State efforts to protect independent pharmacies from alleged depredations by pharmacy benefit managers (PBMs) are at stake as an eight-member Supreme Court considers whether federal law precludes such actions.
The high court heard oral arguments on Tuesday in a case involving a 2015 Arkansas law requiring PBMs to pay back pharmacies at or above the cost the latter pay to obtain the drugs in the first place, and gives pharmacies a right to appeal PBM reimbursement rates.
It's considered a test case for managing PBM reimbursement rates, as many other states have sought to regulate PBMs' conduct. At issue is whether federal law, specifically the Employment Retirement Income Security Act (ERISA), preempts state law when a state begins to deal in rate settings.
"Overall [the Arkansas law] ... is an effort to keep pharmacies, particularly independent pharmacies, from going out of business," Elizabeth McCuskey, JD, of the University of Massachusetts School of Law in Dartmouth, told MedPage Today.
PBMs typically use what's known as a "maximum allowable cost" list to determine how much pharmacies should be reimbursed. Pharmacies may lose money on these prescriptions because of the lower reimbursement, leading some to declare bankruptcy.
In a petition filed in 2018, Arkansas Attorney General Leslie Rutledge, JD, charged that PBMs "abusive prescription drug reimbursement practices" of profiting from the "spread" or difference between the rates they reimburse pharmacies and the price they charge health plans for a drug. This behavior has driven 16% of independent rural pharmacies out of the healthcare system entirely, wrote Rutledge.
But the Pharmaceutical Care Management Association (PCMA), which represents PBMs, has sought to overturn the statute and others like it. (Around 40 states have enacted similar laws, said McCuskey.) The group argues that ERISA, which aims to keep employer-sponsored health plans uniform throughout the country, supersedes Arkansas's.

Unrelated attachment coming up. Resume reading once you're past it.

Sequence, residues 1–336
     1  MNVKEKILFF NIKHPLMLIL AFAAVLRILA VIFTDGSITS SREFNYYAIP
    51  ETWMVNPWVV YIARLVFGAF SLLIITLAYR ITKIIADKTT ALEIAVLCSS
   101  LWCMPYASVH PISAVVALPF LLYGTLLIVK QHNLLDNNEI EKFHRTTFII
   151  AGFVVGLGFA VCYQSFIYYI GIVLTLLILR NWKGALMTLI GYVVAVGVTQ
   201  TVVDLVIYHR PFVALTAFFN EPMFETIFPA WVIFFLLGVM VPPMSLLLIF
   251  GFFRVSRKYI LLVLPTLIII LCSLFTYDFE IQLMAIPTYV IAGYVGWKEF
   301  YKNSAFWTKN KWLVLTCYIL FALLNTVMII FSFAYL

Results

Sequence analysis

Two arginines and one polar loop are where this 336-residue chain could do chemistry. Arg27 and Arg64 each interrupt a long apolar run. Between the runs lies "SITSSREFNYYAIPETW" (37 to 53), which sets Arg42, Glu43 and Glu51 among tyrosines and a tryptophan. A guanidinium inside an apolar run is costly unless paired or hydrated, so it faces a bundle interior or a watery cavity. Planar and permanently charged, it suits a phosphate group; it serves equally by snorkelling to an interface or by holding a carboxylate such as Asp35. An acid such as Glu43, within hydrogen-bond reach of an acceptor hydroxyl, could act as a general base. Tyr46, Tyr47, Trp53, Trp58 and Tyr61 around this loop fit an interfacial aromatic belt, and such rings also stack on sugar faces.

A district court had ruled in PCMA's favor that ERISA preempts the Arkansas law, and the U.S. Court of Appeals for the Eighth Circuit in part upheld the ruling and in part reversed but also amplified it, finding that both ERISA and Medicare Part D preempt the law.
"If a federal law and a state law cover the same grounds, the federal law will always preempt the state law," explained Miles Zaremski, JD, of the Zaremski Law Group, and a columnist for MedPage Today. The only exception is when the federal law makes it explicitly clear that it would not do so.
In Rutledge v. Pharmaceutical Care Management Association, if both the Arkansas and the ERISA law are found to relate to the "the general area of administering plans and plan benefits," then ERISA would preempt state law, Zaremski said.
At the Supreme Court on Tuesday, Arkansas Solicitor General Nicholas Bronni, JD, argued that his state's law should remain in place because it does not regulate benefits or plan administration.
"We haven't dictated what to provide," Bronni said. ERISA should not preempt Arkansas' law because it does not regulate benefits, only the price of drugs, and doesn't regulate plan administration or discriminate against ERISA entities.
Bronni pointed to a 1995 case, New York State Blue Cross v. Travelers, in which the court determined that New York could require hospitals to impose surcharges on patients insured by some plans but not others, without ERISA preempting that law.
Bronni acknowledged that Arkansas's law might mean plans would have to pay a little more and that beneficiaries enrolled in such plans could see increases in their premiums, but suggested this was a cost issue, and not one that would "dictate substantive plan decision-making."
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"If the Supreme Court holds that this kind of regulation is preempted, then it narrows what states are allowed to do in the face of inaction from the federal government," McCuskey said, essentially broadening the scope of ERISA preemption. Continue Reading